Third, although I’m a non-resident preservationist, that doesn’t mean that I don’t care about the community’s general welfare. On the contrary, I fervently hope and pray that each and every citizen of Gettysburg prospers, just as I hope that every historically significant area prospers. Aside from the simple fact that wishing the best for your fellow human beings is a moral obligation, there are sound pro-preservation reasons to desire the financial health of historic communities. Economically robust communities are the ones that can maintain and interpret their historic treasures. When hard times hit, bureaucrats target museums and historic sites, and people become more willing to trade heritage for immediate profits. I’d like to see Gettysburg and the surrounding region wealthy and secure beyond anyone’s wildest dreams, so that they won’t have to look to dubious enterprises such as the proposed casino.
Fourth, I think it’s a mistake to equate serious history enthusiasts with mainstream tourists. Most of us hardcore heritage buffs don’t share the run-of-the-mill tourist’s indifference toward the communities around the sites we visit. We’re not just going to blow into town, take a photo at the 20th Maine monument, buy a postcard, and then high-tail it out so we can make it to Hershey’s Chocolate World. Most of us come to savor the whole place, and not just the park. We’re not blind to the fact that there’s more to the community than the fields straddling Emmitsburg Road. We love the surrounding region as much as we love the battlefield itself.
When we travel, we’re generally unobtrusive folks. We won’t block your driveway during Bike Week or make a racket tramping around outside your yard during a nighttime ghost tour. In fact, most of us wouldn’t be caught dead (no pun intended) on a ghost tour. We’ll shop in your independent stores and eat in your locally-owned restaurants. In fact, of all the meals I’ve eaten at Gettysburg, I think I’ve only had one at a chain restaurant. (A friend and I grabbed lunch at a KFC on my first visit because we’d just hiked Pickett’s Charge route and were absolutely famished, so we grabbed the first thing we saw.) Eating in one-of-a-kind restaurants is one of the joys of historical travel, and besides, the food is better than at some chain joint.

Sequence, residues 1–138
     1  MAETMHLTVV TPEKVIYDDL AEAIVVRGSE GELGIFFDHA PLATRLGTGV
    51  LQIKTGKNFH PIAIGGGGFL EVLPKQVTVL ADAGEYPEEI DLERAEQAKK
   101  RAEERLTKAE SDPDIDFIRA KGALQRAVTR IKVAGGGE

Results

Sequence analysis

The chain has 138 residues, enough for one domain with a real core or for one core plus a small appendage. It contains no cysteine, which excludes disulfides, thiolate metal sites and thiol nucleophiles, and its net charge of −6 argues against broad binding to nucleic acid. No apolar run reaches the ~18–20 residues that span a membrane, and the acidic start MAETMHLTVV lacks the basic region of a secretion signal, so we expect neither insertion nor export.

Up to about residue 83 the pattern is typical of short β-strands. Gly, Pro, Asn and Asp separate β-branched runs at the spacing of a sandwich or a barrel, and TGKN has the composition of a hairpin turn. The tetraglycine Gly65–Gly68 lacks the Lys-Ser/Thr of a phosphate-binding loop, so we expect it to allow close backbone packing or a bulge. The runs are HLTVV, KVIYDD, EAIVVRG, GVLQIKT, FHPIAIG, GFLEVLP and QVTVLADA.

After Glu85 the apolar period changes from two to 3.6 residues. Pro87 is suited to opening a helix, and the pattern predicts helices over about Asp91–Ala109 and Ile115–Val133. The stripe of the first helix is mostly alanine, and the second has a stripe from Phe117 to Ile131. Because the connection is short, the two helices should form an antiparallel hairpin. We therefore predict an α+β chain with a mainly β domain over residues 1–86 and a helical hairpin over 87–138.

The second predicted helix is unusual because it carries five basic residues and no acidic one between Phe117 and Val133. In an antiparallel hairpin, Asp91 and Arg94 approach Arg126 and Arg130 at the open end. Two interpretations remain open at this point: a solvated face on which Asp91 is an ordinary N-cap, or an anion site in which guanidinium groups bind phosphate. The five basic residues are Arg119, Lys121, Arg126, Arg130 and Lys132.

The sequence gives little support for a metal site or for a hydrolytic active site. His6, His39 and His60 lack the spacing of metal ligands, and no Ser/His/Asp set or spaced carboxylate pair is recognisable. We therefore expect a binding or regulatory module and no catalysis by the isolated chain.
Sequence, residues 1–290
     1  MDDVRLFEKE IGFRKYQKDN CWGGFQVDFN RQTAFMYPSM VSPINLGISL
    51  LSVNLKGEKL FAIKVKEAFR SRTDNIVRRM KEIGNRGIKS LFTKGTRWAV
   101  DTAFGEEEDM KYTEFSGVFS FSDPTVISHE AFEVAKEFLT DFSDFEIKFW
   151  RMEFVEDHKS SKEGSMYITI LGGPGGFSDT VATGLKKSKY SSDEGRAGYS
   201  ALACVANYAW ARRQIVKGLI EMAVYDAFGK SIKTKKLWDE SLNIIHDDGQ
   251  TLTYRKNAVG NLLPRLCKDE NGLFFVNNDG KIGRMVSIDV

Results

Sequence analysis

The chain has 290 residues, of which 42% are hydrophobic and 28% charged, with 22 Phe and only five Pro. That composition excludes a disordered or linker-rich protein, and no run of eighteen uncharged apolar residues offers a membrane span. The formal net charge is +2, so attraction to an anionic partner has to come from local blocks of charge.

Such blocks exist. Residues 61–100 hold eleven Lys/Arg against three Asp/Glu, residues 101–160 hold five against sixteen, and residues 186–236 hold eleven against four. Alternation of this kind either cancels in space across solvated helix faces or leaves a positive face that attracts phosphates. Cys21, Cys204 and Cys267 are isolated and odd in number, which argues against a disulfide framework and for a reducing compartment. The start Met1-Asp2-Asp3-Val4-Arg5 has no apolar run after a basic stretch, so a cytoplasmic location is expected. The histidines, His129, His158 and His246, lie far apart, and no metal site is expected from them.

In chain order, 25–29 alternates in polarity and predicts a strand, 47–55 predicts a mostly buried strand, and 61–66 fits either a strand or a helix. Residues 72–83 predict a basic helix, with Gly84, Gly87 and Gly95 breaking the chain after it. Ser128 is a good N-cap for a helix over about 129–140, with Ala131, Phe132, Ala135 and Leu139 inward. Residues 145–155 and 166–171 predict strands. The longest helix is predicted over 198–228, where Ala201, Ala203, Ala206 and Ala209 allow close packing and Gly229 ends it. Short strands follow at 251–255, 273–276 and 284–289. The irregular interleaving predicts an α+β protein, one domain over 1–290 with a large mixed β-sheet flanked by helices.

Finally, if we must assume that a person can’t take sides in this debate unless they have some material stake in the matter, then let me point out that we all have some stake in it, however small that stake may seem. The battlefield is, after all, the property of the United States, held in trust by the government for you, me, and every other American, and ultimately for every inhabitant of the world who’s alive now or will be in the future. I heartily agree that Gettysburg residents should determine their community’s future. All citizens have that right. But when it comes to the battlefield itself, we’re all citizens, and it belongs to all of us—not just metaphorically, but legally.
Of course, those of us who are only there for a few days a year don’t stand to gain or lose as much as those who live there. But area residents themselves have varying stakes. How do we go about weighing the relative value of their different opinions? How many county residents from outside the city limits does it take to equal one living in Gettysburg itself? Does a local resident living a mile from the proposed casino matter less than one living half a mile from it, since the latter will be more directly affected? Hotel owners stand to lose guests to a new resort, so do we weigh their opinions more heavily than those of, say, bookstore owners? Does someone who pays twice as much in property taxes as his neighbor have an opinion that’s worth double? If a resident is currently out of work and could apply for a casino job, then should his opinion be more decisive than that of another resident who enjoys a comfortable salary?
I realize that Gettysburg’s residents didn’t ask to be put in a position of stewardship over the field. Nobody ever asks for the burdens that come with being born where they are; I myself don’t like seeing my own region torn apart to supply the nation’s insatiable energy demands. The truth is, though, that the stewardship role faced by Gettysburg residents is as much a privilege as a responsibility.
I have to drive ten hours one way to spend a few days walking over those fields, and I consider it well worth the effort. I’d make the trip weekly if I could physically and financially manage it. It’s the historic area to beat all historic areas, the one that’s probably produced more Civil War enthusiasts and scholars than all the top graduate history programs combined. Of all American historic sites, it stands in a class by itself. The landscape bores its way into your heart and stays there.
I would hope that anyone who stands on the battlefield today with a desire to appreciate and understand could be considered an insider, just as we’re all outsiders compared to the soldiers and civilians who were there in the summer of 1863. I trust that plenty of residents know how lucky they are to live on the stage of one of the great American dramas, and that they believe the treasure that surrounds them is something worth fighting for.